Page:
Wrestling highlights the power of an individual sport.  First, it's combative sport where skill and strength are matched directly between two opponents.  Scoring and winning are based around the ability to force you're opponent to submit, willingly or unwillingly to your will.  There is no physical separation between the opponents.  Second, all of your effort, or lack of it, is visible for all opponents to observe.  A wrestler can't blame his failure on a teammate who failed to do their part.  A different teammate can't claim credit for any victory.  As they step out onto the mat each wrestler brings the sum total of their training, conditioning, genetics, and heart.  Sure, along the way others helped to make him a skilled and strong wrestler, but it was up to the individual wrestler to take advantage of those opportunities.

A sport such as wrestling teaches some of the most important values and character traits for success in life.

  • The importance of individual responsibility.
  • The value of hard work, practice, training and conditioning.  
  • The value of being willing to take risks and the unknown...success or failure; and to do it again and again.
  • The ability to face defeat with grace, accept your mistakes and the strength to make necessary corrections.
  • The ability to take victory with humility knowing that it might prove fleeting.
  • The value of working with others to help to improve them and yourself.
  • The ability to define success as a process of moving forward and continual improvement.
This is not an all-inclusive list of values and character that wrestling teaches the willing participant.  

Olympic Games and the IOC Executive Board Recommendation
The recent decision by the IOC Executive Board to recommend that wrestling be removed as a core sport of the 2020 Olympic games is disappointing and disconcerting.  Wrestling is one of the original Olympic sports.  Wrestling, like the other original track and field events, are based in practical application, the martial arts.  These events were honored and revered because it was an opportunity for the protectors of the republic to showcase their abilities to defeat enemies and defend their nation.  It's a direct and peaceful form of competition that allows two opponents to determine a winner on a mat.  I encourage all supporters of wrestling to engage in this debate.  Speak out regarding the value and importance of wrestling on the international stage.  USA Wrestling released the following statement (see link below) and talking points regarding the recommendation.  I encourage all of you to read it.  We have time to prevent the IOC from making a mistake regarding the sport of wrestling, but we must engage and define and describe the sport.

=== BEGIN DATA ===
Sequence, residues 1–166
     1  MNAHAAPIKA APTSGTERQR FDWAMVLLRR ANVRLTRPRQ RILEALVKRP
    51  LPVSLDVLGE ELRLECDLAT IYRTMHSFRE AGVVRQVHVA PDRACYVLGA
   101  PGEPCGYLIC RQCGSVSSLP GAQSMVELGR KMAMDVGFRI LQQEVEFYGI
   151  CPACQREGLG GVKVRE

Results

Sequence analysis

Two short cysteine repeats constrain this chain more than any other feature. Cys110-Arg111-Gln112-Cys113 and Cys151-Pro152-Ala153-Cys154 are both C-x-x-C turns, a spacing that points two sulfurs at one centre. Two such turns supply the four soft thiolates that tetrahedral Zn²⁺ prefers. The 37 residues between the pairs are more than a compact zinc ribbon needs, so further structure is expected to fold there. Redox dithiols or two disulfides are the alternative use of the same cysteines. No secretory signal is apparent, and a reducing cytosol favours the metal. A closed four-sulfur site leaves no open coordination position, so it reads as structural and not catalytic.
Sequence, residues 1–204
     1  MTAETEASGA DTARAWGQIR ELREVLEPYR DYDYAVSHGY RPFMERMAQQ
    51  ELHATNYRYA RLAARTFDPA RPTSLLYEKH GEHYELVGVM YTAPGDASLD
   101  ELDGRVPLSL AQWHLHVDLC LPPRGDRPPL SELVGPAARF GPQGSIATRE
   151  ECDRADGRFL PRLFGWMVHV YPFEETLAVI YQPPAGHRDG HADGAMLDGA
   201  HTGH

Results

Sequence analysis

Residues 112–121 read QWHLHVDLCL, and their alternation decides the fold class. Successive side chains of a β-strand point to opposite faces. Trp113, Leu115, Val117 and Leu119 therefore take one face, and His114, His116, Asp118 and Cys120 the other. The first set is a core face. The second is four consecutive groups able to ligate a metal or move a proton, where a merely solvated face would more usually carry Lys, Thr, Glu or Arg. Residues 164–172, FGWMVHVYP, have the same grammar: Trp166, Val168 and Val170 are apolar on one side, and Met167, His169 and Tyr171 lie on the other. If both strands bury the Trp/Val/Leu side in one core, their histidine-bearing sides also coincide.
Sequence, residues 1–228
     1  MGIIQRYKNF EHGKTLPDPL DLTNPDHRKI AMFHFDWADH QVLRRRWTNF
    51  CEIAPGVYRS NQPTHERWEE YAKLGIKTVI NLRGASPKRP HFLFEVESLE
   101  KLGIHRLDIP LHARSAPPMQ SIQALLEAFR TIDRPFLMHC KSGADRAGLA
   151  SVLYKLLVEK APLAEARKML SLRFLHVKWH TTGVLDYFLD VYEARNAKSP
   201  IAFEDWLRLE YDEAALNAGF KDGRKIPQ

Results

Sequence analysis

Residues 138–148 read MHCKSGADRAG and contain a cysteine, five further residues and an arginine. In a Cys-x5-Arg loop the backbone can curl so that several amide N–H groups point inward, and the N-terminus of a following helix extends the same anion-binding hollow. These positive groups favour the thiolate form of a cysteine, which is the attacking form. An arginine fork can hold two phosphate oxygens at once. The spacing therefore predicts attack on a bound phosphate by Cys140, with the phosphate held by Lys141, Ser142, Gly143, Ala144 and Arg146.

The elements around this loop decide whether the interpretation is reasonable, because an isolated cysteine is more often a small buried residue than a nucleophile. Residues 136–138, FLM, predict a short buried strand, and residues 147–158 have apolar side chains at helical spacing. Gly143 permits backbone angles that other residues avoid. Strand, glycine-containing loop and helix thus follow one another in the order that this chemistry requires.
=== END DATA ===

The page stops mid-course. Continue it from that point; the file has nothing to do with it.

USA Wrestling Statement and Talking Points

Collegiate Wrestling in Utah
On a final note, I would like to comment on the state of wrestling as a sport in Utah.  Up through the high school level, wrestling is a very successful sport in Utah.  The high schools and clubs produce wrestlers of the highest caliber every year.  Since 1993 Utah has had an additional 19 high school wrestlers win four state titles.  Unlike football or basketball players, however, Utah's high school wrestlers have very limited opportunities to seek collegiate scholarships in state or to wrestle in a meaningful way beyond high school.  Personally, I think we have failed our wrestlers by allowing our in state universities to abandon their wrestling programs.  Today any serious wrestler leaving high school must look outside of Utah for a solid collegiate wrestling program.  I think it also time for us to engage here in Utah to push our universities to bring wrestling back into athletic programs.  Let's find and advocate for a solution that works.  Let's give wrestlers like Kyle Foy the opportunity to represent their home state.